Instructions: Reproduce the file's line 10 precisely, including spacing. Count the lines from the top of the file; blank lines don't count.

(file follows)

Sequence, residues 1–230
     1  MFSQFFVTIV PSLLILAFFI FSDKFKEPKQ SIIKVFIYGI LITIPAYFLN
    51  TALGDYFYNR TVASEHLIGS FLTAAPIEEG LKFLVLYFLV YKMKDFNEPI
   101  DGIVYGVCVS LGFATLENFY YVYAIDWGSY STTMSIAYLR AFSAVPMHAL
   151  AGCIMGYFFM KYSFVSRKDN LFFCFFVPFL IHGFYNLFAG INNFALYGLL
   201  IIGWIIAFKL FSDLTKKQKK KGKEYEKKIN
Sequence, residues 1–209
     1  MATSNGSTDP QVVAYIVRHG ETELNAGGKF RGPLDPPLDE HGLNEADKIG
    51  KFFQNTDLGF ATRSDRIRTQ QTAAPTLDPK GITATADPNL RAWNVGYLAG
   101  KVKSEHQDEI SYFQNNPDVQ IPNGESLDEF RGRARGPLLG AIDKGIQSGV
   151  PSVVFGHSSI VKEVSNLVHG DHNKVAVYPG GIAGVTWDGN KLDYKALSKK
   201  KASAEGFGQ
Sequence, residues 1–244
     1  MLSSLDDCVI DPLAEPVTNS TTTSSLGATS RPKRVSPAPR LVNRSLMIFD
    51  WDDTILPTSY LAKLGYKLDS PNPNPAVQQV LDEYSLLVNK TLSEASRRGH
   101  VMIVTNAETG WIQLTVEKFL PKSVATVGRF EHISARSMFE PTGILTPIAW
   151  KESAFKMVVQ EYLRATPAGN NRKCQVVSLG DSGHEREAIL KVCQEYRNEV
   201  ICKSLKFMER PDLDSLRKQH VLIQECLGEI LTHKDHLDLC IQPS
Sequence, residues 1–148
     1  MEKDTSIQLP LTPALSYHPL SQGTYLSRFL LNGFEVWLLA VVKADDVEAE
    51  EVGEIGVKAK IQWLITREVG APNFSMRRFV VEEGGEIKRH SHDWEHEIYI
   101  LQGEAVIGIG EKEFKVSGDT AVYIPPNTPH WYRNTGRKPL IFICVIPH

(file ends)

   101  KVKSEHQDEI SYFQNNPDVQ IPNGESLDEF RGRARGPLLG AIDKGIQSGV